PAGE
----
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 Design of Matching Markets in Agriculture & Food Systems for Sustainable Prosperity 

Our research group strives to bring the state of the art research to solve the challenges faced by the industry. Specifically, we are focusing on the supply side business process in the agriculture sector to identify opportunities to improve the transaction efficiencies, design and develop appropriate technology enabled market mechanism to facilitate business-to-business transactions.

Though a large number of small and medium enterprises (SMEs) in Canada have adopted Internet based business solutions and have realized substantial returns in terms of financial, operational and strategic benefits, many SMEs, especially the ones in agricultural industry, have yet to adopt such technology enabled solutions that results in Canadian economy forgoing a major source of economic growth. A recent report by the Standing Committee on Industry, Science and Technology 2012 (Parliament of Canada) also highlights that in spite of the many proven benefits of technology adoption and e-commerce such as lower operating costs, access to larger markets, better supply and customer-value chain management, many Canadian SMEs have yet to embrace such technology enabled solutions. Further, though the use of Internet for procuring goods and services lead to $31.4 billion business to business transactions in 2006, the share of e-procurement varies across sectors of economy, with manufacturing and wholesale sectors leading the utilization rate.

Among the sectors that are lagging behind in the use of technology enabled procurement process, agriculture is a very important sector where technology based e-business solutions can enable farmers to access new markets and achieve sustainable growth by overcoming geographical constraints. Within the agriculture sector, we will initially focus on Canada’s wine industry that offers the highest valued-added contribution to agricultural production in six provinces across Canada, and is growing significantly.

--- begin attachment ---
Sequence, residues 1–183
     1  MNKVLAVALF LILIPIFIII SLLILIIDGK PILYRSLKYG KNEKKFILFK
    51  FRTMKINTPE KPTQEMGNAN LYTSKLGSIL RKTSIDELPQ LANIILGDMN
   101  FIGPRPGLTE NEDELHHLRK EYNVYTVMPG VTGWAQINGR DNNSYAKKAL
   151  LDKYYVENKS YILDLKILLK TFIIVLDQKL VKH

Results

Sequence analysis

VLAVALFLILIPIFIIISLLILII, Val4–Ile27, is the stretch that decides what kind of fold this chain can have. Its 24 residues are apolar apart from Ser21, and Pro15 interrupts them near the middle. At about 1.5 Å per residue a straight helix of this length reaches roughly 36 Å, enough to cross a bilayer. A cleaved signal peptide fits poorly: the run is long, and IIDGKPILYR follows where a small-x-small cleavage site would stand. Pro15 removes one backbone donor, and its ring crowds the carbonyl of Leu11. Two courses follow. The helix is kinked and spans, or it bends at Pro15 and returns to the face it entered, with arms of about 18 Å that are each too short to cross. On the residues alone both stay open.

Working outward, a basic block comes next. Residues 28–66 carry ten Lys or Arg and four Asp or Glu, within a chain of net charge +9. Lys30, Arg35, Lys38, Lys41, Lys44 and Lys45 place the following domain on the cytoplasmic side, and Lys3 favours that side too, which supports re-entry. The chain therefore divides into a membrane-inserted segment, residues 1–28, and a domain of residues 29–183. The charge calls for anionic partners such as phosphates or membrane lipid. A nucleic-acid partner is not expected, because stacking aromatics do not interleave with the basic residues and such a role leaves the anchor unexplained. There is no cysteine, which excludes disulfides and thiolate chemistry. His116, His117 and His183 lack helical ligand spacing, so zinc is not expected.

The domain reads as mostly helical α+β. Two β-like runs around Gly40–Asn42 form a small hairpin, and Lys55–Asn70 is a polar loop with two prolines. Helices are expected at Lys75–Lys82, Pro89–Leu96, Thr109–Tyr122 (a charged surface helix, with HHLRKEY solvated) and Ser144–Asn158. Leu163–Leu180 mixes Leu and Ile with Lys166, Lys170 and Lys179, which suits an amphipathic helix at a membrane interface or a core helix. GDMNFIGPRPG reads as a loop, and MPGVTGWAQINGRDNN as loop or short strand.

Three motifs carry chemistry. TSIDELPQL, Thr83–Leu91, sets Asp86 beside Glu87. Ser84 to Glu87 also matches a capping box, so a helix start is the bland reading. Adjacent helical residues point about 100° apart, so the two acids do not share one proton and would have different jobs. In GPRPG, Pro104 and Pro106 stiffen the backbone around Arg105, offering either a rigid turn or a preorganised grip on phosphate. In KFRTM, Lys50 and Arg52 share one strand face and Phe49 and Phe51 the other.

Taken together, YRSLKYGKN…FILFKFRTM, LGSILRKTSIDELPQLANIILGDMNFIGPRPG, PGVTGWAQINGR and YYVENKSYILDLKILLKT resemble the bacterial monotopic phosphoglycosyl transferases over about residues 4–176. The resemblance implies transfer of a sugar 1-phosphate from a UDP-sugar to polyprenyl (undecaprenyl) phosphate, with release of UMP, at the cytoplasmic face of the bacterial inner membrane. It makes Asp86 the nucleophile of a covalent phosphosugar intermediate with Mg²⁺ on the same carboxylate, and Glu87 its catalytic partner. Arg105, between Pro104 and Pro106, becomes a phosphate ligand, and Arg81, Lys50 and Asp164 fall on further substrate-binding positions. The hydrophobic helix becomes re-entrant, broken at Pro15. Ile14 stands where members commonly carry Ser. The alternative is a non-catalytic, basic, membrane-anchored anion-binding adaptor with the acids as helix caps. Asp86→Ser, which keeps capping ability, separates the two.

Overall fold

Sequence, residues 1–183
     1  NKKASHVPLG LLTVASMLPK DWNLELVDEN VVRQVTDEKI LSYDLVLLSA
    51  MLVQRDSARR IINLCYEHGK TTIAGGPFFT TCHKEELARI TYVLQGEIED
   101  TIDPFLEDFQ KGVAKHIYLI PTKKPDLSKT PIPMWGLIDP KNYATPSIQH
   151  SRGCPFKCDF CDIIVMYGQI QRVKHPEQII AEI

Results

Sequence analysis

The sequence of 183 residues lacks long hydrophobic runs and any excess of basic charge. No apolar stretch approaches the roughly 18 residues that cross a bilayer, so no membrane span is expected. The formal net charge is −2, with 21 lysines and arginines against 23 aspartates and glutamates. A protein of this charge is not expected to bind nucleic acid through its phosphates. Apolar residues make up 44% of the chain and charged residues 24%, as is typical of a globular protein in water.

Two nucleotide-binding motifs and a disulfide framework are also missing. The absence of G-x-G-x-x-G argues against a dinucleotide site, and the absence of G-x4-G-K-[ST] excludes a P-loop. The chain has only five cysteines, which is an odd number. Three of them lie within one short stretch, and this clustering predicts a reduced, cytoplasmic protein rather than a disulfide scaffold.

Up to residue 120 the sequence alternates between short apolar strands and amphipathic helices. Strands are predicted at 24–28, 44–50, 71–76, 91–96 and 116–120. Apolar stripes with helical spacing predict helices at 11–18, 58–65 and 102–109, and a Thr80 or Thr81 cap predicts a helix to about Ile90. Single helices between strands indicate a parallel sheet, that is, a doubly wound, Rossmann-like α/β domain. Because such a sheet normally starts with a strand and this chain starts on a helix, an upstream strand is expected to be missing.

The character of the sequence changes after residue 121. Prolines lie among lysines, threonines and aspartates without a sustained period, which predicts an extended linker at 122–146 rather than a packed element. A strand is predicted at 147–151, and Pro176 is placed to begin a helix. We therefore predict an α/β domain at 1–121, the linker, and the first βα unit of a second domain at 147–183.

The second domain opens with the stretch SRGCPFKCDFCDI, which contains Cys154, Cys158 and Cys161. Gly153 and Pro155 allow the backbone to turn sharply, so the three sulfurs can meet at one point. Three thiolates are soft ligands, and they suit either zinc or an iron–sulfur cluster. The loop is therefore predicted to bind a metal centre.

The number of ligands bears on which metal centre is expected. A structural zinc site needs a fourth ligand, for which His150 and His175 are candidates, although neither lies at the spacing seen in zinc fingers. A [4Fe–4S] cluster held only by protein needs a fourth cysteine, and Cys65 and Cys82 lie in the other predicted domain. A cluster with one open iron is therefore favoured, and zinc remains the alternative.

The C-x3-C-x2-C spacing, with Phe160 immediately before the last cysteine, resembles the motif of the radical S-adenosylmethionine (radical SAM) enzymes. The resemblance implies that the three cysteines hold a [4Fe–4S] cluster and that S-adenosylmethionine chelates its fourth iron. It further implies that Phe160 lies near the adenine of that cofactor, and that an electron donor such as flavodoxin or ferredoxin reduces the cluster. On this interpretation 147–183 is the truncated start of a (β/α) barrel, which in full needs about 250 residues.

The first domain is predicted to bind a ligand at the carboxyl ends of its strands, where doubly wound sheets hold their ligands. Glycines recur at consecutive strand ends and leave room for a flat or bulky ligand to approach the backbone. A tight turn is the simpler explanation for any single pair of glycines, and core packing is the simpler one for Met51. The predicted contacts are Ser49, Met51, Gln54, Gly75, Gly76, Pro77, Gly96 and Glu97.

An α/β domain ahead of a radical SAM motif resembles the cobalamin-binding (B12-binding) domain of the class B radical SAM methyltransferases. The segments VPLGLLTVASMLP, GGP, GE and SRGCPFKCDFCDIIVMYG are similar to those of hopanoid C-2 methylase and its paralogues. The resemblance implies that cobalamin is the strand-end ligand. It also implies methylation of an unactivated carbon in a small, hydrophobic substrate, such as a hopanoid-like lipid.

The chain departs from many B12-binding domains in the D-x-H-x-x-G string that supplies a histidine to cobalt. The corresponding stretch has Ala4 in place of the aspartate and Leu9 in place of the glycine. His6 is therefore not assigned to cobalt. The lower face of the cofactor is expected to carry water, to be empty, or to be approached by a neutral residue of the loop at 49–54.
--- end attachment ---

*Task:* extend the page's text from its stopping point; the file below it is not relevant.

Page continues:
According to the Canadian Vintners Association, the wine industry in Canada is expanding in the traditional wine regions of British Columbia and Ontario and is also emerging in provinces such as Nova Scotia and Quebec. New wineries and grape growers are entering the market to compete in an industry that currently has more than 400 grape-based wineries and around 1,000 grape growers. Though some large grape growers (GG) operate a small winery, they sell most of their grapes to wineries. Similarly, the wine producers (WP), especially large wineries grow grapes but mostly buy the grapes they use from grape growers (Anderson 2004). Given the wide variety of wine grapes grown and high uncertainty in the quality and quantity of the grapes produced due to the variability in weather conditions, combined with the specific needs of the wineries in terms of the variety, quantity, and quality of the grapes, it is a complex and costly process for both grape growers and wine producers to find appropriate match for completing a transaction.

The current mechanism to match buyers and sellers of grapes and wine is very primitive where both the parties in the transaction have limited information about the alternatives available in the market. The search costs for finding potential buyers and sellers as well as getting information about their attributes and preferences are very high. Therefore, generally, grape growers and wineries enter into yearly contracts which require, subject to some quality rules, a winery to accept all of the grapes produced on the designated farm and the farmer to deliver all of their grapes to the winery (Goodhue et al. 2001). Given that Information technology based solutions can reduce the search cost (Bakos 1997), we propose to develop a mobile application that matches buyer preferences and seller offerings to create more efficient, “friction-free” markets (Bakos 1998).

Specifically, in order to mitigate the growing divide between local consumers and local products as well as to coordinate the variable supply and demand that arises due to large product heterogeneity in both demand and supply side, we will develop a mobile application that connects buyers and suppliers through real time communication and facilitates local transactions by employing a wide variety of matching algorithm which also take into account and optimizes given the transportation and other distribution related constraints.

The prototype will elicit the preferences of the buyers and sellers that will be used by the matching algorithm to generate a set of matches that improve the resource allocation. To the best of our knowledge, the industry relies on online classifieds to find potential matches (See Figure 4 in Appendix). These classifieds not only have high search cost as information cannot be easily searched and filtered but also high transaction cost as a grape grower or a winery needs to contact the other party offline. Our proposed mobile app, in addition to making it easier to provide and search for relevant information, will enable algorithm driven matching to maximize the surplus from the overall trade. Though we will implement various auction mechanisms to facilitate efficient allocation of resources, we believe that matching algorithms (Roth and Sotomayor, 1990; Shoham and Leyton-Brown, 2009) would be most effective as they will ensure the system level optimization.

 

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